Date: 10/9/19 10:59 am
From: Jennifer Hammett <jenham227...>
Subject: Re: Question about Nebraska
My husband and I have been going to see the cranes for 20 years and they never cease to amaze. I have found over that time the earlier you go in March the more of the geese and ducks along with the cranes. As March goes on the geese and ducks kind of exit as the majority of the Cranes start to come in. The end of March the cranes start to exit and then you have a good chance of Whooping Cranes. The first of April starts to bring in the Shorebirds and there are still Cranes. Taylor Ranch north of Grand Island always has Prairie Chickens no matter the time of the month. Further north on Highway 2 there are ranches that have Prairie Chicken and Sharp Tailed Grouse Leks.
In those 20 years, I have never done the festival that Rowe does and I have never done a blind. I am a wander the back roads type of person and I have never been disappointed. Also Crane Trust has a speaker series that has some great speakers throughout the month. I have seen George Archibald co-founder of the International Crane Foundation and Greg Miller, one of the people the book and movie “The Big Year” is based in.
This last year was extremely challenging due to the flooding the state experienced and is still experiencing. We only had access to Rowe on afternoon of the five Fay’s we were there and it required an SUV or truck, most cars could not get through. A lot of the roads I usually go on were closed.
There is a lot of information on the internet.
I have never heard of the NABS conference. I will definitely check that out, thank you Steve.

Jennifer Hammett
Lenexa, Kansas

Sent from my iPhone

On Oct 9, 2019, at 11:44 AM, Steve Garr <steve...> wrote:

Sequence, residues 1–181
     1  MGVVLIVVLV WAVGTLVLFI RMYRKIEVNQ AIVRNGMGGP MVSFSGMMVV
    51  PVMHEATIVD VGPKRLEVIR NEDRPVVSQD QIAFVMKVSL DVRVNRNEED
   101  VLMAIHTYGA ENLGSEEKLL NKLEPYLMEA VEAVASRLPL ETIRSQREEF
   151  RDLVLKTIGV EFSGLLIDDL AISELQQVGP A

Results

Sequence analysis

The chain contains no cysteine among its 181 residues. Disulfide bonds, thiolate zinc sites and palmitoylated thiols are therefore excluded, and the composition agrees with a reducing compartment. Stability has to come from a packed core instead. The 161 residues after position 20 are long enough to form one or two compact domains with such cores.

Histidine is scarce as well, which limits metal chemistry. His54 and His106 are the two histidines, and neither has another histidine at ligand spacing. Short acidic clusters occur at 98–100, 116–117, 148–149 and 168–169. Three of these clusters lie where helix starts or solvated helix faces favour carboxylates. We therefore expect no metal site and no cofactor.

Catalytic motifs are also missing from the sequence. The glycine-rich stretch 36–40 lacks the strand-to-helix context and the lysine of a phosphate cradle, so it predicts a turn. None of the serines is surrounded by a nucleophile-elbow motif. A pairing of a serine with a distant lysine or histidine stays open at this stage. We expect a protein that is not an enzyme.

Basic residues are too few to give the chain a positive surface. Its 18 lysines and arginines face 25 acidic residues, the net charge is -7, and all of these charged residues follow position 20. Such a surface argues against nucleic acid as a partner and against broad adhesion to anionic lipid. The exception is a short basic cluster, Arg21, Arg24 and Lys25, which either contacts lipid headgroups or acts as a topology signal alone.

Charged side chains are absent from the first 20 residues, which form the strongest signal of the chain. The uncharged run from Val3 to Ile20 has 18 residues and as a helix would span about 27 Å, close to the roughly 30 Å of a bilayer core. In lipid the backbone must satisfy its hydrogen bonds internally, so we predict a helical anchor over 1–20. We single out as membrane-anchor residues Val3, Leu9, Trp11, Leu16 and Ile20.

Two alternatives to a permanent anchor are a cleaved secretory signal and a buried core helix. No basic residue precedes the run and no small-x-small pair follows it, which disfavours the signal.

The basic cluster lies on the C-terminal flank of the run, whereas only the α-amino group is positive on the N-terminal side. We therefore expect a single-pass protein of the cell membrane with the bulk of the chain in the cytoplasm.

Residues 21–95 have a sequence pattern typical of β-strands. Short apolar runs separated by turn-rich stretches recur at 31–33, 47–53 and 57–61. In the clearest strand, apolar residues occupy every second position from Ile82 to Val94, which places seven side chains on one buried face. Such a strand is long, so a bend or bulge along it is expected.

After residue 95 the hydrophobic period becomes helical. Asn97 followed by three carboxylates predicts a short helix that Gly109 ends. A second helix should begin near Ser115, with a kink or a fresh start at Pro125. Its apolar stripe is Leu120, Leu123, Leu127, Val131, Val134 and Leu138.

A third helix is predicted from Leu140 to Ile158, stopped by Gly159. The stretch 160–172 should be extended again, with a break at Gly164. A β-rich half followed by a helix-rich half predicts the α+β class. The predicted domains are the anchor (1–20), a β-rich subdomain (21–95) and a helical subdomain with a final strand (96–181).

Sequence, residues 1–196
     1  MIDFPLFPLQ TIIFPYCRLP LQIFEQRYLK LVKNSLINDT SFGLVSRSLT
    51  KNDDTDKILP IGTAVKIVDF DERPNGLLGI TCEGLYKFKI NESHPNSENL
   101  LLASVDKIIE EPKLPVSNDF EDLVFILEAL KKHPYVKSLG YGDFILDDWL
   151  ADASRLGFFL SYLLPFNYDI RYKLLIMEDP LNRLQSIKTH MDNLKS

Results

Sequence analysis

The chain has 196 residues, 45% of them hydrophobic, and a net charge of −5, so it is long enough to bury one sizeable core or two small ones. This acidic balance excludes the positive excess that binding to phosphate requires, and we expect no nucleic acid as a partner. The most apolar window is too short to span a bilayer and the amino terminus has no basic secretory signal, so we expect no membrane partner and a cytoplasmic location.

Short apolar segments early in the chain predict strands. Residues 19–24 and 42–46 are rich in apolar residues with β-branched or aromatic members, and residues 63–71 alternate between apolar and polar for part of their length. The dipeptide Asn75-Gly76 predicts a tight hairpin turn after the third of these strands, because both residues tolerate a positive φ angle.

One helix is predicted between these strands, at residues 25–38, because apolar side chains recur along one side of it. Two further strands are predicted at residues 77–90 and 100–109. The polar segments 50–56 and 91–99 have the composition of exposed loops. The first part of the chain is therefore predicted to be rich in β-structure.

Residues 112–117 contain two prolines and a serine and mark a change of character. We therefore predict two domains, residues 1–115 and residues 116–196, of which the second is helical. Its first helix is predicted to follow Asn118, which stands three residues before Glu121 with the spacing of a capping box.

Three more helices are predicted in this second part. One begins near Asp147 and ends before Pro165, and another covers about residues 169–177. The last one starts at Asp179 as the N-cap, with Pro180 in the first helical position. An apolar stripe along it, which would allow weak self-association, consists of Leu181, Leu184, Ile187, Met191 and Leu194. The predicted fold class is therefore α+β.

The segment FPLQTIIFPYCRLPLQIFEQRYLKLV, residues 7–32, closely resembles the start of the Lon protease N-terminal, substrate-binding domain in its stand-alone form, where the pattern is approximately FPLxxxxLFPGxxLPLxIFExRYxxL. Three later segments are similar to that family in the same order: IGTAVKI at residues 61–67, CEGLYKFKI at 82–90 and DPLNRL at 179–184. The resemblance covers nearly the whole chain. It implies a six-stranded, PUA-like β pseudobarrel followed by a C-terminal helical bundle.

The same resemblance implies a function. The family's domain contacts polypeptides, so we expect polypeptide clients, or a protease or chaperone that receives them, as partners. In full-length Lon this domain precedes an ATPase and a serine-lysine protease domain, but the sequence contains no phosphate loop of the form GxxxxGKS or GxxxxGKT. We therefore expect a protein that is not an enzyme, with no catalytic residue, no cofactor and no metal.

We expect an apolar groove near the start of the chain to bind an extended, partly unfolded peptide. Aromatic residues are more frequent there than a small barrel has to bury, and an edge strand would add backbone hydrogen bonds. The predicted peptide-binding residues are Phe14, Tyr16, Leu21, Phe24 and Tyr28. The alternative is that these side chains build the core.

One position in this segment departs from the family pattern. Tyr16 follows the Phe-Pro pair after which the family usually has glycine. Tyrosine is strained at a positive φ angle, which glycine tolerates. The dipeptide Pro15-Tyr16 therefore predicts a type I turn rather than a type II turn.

Mary and all,
I highly recommend taking in the Crane migration via the "Follow the Flock" 2020 NABS Conference in Kearney March 11th- 15th. It is hosted by the good folks from Bluebirds Across Nebraska and they are old hands at putting together a super event centered around Sandhill Cranes and other birding activities. My wife Regina and I have attended three times and we will attend again in 2020. It is an incredibly well-organized, educational, and FUN way to experience this spectacular natural encounter.
In addition to several trip opportunities to the crane viewing blinds (both morning and evening) there is a wonderful birding field trip (often includes a trip to a prairie chicken lek), a "Prairie Culture Tour", and terrific speakers INCLUDING the Director of Rowe Sanctuary's Ian Nicolson Audubon Center, Bill Taddicken.
Please do check out the field trips and speakers/workshops described in the Registration form in the link above.
It is always more enjoyable to participate in birding activities when you not only know a little of what to expect--but also what is expected of you. SO, the group has provided these TIPS for enjoying the event packed with great information about viewing the cranes, however you choose to participate.
Hope to see you in March in Nebraska!
Steve Garr
Cole county
Jefferson City

On Wednesday, October 9, 2019, 09:34:02 AM CDT, Mary McCarthy <000000bbb2ce0f37-dmarc-request...> wrote:

Where and when do you go in Nebraska for Crane migration?


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